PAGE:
Depending on your health goals, gluten-free diets can be a total lifesaver or a total fad. Although it's medically necessary for people diagnosed with celiac disease or gluten intolerance, gluten-free diets are often (wrongfully) touted as a way to lose weight or feel "healthier."
Here's what you should know about going gluten-free before you decide to eliminate the nutrient entirely.
The Basics of Gluten-Free Diets
Gluten is a protein that occurs naturally in certain grains, including wheat, rye and barley, but it can also be used as an additive in other foods, according to Beyond Celiac. Foods and drinks that you might not think of as being a traditional grain — such as soy sauce or beer (which is typically made from barley) — can often contain gluten.
Certain people don't respond well to gluten, so they need to go on a gluten-free diet plan to feel their best. Sometimes, though, gluten-free diets are touted as a weight-loss plan — if a person loses weight after going gluten-free, it's typically because they've cut out gluten-containing refined carbohydrates and other processed foods, according to Johns Hopkins Medicine. Gluten, itself, is not associated with weight gain.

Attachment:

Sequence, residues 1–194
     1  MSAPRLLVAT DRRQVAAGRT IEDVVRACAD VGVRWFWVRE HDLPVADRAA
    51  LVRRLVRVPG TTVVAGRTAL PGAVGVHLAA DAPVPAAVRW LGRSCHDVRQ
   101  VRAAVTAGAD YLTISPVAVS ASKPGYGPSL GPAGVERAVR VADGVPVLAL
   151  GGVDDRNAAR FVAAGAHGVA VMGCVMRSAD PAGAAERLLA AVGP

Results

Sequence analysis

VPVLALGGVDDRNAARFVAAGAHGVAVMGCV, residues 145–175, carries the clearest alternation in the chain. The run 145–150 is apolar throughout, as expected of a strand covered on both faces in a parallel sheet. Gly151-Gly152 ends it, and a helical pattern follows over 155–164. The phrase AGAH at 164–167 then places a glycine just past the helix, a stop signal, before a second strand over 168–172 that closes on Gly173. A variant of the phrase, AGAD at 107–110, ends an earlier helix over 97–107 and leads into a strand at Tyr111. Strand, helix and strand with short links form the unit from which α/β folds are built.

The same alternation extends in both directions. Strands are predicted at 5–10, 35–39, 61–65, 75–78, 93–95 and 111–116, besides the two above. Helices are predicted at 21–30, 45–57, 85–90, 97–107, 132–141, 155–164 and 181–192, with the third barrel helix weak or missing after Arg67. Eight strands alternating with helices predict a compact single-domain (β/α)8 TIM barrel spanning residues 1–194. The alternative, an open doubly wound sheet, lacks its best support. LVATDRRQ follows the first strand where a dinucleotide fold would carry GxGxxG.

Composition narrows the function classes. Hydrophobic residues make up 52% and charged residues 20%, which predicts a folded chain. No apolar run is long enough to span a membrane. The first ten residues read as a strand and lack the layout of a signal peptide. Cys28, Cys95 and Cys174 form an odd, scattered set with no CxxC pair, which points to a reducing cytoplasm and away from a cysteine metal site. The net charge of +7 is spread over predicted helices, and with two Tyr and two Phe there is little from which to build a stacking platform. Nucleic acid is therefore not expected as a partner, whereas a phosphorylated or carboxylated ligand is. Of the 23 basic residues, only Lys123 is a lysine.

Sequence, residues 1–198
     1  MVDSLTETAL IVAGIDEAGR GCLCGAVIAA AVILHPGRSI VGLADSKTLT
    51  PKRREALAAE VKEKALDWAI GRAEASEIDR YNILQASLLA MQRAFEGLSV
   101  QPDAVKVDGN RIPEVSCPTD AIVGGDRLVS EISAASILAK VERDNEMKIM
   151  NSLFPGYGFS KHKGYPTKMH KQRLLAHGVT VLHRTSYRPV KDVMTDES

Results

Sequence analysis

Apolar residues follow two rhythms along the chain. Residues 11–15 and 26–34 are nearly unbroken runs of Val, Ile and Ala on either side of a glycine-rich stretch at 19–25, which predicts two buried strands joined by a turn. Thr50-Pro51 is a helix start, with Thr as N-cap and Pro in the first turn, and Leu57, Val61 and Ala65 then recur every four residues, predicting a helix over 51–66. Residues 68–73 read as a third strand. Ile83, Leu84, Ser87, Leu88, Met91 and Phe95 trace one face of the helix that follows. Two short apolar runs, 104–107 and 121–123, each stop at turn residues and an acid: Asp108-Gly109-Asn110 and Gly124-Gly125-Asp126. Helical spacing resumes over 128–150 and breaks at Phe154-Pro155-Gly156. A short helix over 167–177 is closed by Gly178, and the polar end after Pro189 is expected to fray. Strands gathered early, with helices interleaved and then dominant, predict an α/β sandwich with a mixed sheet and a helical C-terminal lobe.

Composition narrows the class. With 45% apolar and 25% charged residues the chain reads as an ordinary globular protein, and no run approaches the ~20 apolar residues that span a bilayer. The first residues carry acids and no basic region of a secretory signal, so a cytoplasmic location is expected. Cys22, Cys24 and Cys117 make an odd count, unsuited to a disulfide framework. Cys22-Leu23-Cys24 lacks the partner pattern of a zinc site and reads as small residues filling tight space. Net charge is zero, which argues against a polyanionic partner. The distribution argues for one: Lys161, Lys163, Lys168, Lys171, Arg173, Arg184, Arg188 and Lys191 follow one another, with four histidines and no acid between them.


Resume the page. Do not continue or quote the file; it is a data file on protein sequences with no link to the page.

Those who can medically benefit from a gluten-free diet plan include:
- People with celiac disease: Celiac disease is an autoimmune condition — not a food allergy — in which eating gluten triggers a response that causes small intestine damage, which can lead to long-term health complications. One in 100 people, or 2.5 million Americans, have celiac disease, according to the Celiac Disease Foundation. For these people, even a small amount of gluten can cause symptoms such as gastrointestinal issues, nutrient deficiencies, headaches and impaired growth, so they must go on a lifelong gluten-free diet plan.
- People with non-celiac gluten sensitivity: Also known as gluten intolerance or non-celiac wheat sensitivity, non-celiac gluten sensitivity affects people who have similar symptoms as those with celiac disease but do not test positive for the condition. For these folks, symptoms improve when they go on a strict gluten-free diet plan but return when gluten is reintroduced, according to the American Academy of Allergy, Asthma & Immunology.